When we lose something that is sacred to us, or when something that is sacred to us is destroyed, it can feel like the whole world is coming to an end. This is especially true when what we have lost had seemed to us to be indestructible. For generations, the most sacred and seemingly indestructible thing in the life of God’s people was the Temple in Jerusalem.

The Temple, in the time of Jesus’ earthly ministry in Judea, was massive. Its grounds took over a huge portion of the city of Jerusalem. The stones from which it was constructed weighed as much as 400 tons. As impressive as its physical dimensions were, however, it was the Temple’s spiritual significance which made it so important in the life of the people. The people believed that the construction of the Temple had been ordered and directed by God himself to be the place where he would meet with his people. But it wasn’t just a religious meeting place. The Temple was the spiritual, cultural, and national centre of the Jewish people. So not only was it sacred, it was so important to the life of the people that its destruction would have been unthinkable. This is in spite of the fact that everyone knew that the Temple had already been destroyed once and had come under significant threat many times since its reconstruction.

And yet, its destruction was so unthinkable that when Jesus tells his followers that one day the whole Temple will be “thrown down” so that “not one stone will be left upon another” (Luke 21:6) they are sure that he is talking about the end of the world, and many of his follower since then have come to the same conclusion, that he must be talking about the end of world here. But what Jesus goes on to say is that this is not the end. There will be wars and rebellions, “but” he says “the end will not follow immediately.” In other words, the destruction of the Temple is not the end world, and of course, history has proven Jesus right.

Just a generation or two after Jesus spoke these words the Temple was destroyed, and the whole of Judea was wiped off the map, but it was not the end. In fact, both Christianity and Judaism grew out from those destructive last days of the Temple to go on to have a far greater influence in the world and the history of the world than could have ever been imagined by those for whom the Temple had seemed so important.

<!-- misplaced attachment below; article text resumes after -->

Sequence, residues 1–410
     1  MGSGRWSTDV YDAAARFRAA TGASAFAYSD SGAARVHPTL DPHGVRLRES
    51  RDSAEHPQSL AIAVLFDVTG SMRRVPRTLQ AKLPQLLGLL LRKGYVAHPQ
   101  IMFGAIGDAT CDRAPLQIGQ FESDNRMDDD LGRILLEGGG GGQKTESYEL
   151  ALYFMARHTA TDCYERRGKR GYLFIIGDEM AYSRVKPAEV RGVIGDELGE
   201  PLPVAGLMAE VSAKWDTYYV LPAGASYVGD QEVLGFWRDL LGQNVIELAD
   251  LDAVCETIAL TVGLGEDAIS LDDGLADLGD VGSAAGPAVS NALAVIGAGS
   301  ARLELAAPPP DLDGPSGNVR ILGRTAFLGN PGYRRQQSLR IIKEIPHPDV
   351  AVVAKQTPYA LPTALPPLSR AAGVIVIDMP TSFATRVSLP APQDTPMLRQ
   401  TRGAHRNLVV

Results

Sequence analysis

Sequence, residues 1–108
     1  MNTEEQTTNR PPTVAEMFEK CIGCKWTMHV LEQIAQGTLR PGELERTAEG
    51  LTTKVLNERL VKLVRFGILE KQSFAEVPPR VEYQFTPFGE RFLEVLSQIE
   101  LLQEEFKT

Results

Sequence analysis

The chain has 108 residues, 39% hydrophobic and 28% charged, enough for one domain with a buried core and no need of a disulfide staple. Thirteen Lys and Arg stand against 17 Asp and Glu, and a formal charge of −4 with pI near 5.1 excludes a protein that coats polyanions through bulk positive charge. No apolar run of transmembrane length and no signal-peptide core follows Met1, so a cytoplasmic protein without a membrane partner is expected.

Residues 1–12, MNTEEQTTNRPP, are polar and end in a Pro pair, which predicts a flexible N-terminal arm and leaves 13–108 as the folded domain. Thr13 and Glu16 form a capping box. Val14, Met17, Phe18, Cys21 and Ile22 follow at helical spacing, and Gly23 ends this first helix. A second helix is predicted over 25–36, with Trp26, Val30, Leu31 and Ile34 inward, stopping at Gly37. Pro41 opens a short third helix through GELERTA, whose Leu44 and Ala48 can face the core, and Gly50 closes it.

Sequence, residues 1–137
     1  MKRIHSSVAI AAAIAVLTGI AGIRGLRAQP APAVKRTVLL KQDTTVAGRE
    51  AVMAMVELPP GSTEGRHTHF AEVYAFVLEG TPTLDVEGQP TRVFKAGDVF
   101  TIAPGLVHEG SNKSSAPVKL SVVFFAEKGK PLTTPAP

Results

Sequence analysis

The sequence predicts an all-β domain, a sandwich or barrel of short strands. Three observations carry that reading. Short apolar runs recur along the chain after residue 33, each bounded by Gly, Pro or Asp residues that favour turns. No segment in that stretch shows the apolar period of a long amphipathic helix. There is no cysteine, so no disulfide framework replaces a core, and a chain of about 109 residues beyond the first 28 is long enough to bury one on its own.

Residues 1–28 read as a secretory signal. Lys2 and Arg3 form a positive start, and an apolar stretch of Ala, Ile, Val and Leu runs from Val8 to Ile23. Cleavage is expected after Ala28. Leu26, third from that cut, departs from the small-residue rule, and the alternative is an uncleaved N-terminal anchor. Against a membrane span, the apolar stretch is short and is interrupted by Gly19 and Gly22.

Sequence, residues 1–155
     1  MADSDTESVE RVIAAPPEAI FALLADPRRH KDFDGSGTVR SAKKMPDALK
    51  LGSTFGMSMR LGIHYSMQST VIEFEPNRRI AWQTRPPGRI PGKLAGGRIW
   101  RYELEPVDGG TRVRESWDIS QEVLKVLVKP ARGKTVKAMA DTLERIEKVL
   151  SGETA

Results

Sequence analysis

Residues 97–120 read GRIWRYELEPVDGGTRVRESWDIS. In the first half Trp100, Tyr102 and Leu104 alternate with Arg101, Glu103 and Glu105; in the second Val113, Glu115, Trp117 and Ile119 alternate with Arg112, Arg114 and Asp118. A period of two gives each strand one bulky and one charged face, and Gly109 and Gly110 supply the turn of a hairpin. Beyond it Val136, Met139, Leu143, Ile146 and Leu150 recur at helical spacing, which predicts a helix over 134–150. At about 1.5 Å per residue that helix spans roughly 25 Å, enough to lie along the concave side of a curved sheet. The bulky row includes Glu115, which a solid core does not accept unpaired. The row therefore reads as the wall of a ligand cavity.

On Sunday, we’re going to take a closer look at what all of this might mean for us and for the things that perhaps we believe to be as sacred and indestructible as the Temple, and which if we were to lose would seem to us like the end of the world.


messy_advent

You’re Invited!

Sunday, November 27, 2016
4:00 — 6:00 pm (includes supper)

Messy Advent? 

  • It’s fun on a Sunday for children and adults. It’s delightfully messy but you don’t have to clean up.
  • We explore the advent season through storytelling, music, games, crafts and/or drama
  • We finish with a shared supper

Who is it for?

  • Kids & Adults of all ages. You don’t need to be a “regular” at our church or any church— ALL are welcome
Bring a Friend
St Paul’s Anglican Church


advent-conspiracy

Are you tired of way consumerism seems to have stolen the soul of Christmas?

It’s not too late. Join the advent conspiracy and see how Christmas still can change the world.

The advent conspiracy small group series

November 25, DECEMBER 2, 9, 16
6PM-8PM
58 Kennebecasis River Road

FOR MORE NEWS…

2016 11 10 St Paul’s News